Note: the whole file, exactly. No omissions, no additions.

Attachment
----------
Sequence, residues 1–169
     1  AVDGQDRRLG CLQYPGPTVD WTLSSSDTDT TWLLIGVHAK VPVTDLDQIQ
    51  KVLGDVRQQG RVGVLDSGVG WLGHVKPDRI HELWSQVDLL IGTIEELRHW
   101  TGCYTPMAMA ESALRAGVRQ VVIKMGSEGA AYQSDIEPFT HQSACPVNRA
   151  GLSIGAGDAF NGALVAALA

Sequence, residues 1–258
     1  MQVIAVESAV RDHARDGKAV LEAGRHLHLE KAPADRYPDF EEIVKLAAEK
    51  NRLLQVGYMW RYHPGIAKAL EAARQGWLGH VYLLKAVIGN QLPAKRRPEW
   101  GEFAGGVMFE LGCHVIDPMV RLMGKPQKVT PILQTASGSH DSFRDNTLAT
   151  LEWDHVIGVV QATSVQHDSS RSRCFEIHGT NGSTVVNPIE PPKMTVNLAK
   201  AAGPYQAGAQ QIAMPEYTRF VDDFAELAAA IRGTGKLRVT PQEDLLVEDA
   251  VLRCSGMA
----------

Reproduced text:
Sequence, residues 1–169
     1  AVDGQDRRLG CLQYPGPTVD WTLSSSDTDT TWLLIGVHAK VPVTDLDQIQ
    51  KVLGDVRQQG RVGVLDSGVG WLGHVKPDRI HELWSQVDLL IGTIEELRHW
   101  TGCYTPMAMA ESALRAGVRQ VVIKMGSEGA AYQSDIEPFT HQSACPVNRA
   151  GLSIGAGDAF NGALVAALA

Sequence, residues 1–258
     1  MQVIAVESAV RDHARDGKAV LEAGRHLHLE KAPADRYPDF EEIVKLAAEK
    51  NRLLQVGYMW RYHPGIAKAL EAARQGWLGH VYLLKAVIGN QLPAKRRPEW
   101  GEFAGGVMFE LGCHVIDPMV RLMGKPQKVT PILQTASGSH DSFRDNTLAT
   151  LEWDHVIGVV QATSVQHDSS RSRCFEIHGT NGSTVVNPIE PPKMTVNLAK
   201  AAGPYQAGAQ QIAMPEYTRF VDDFAELAAA IRGTGKLRVT PQEDLLVEDA
   251  VLRCSGMA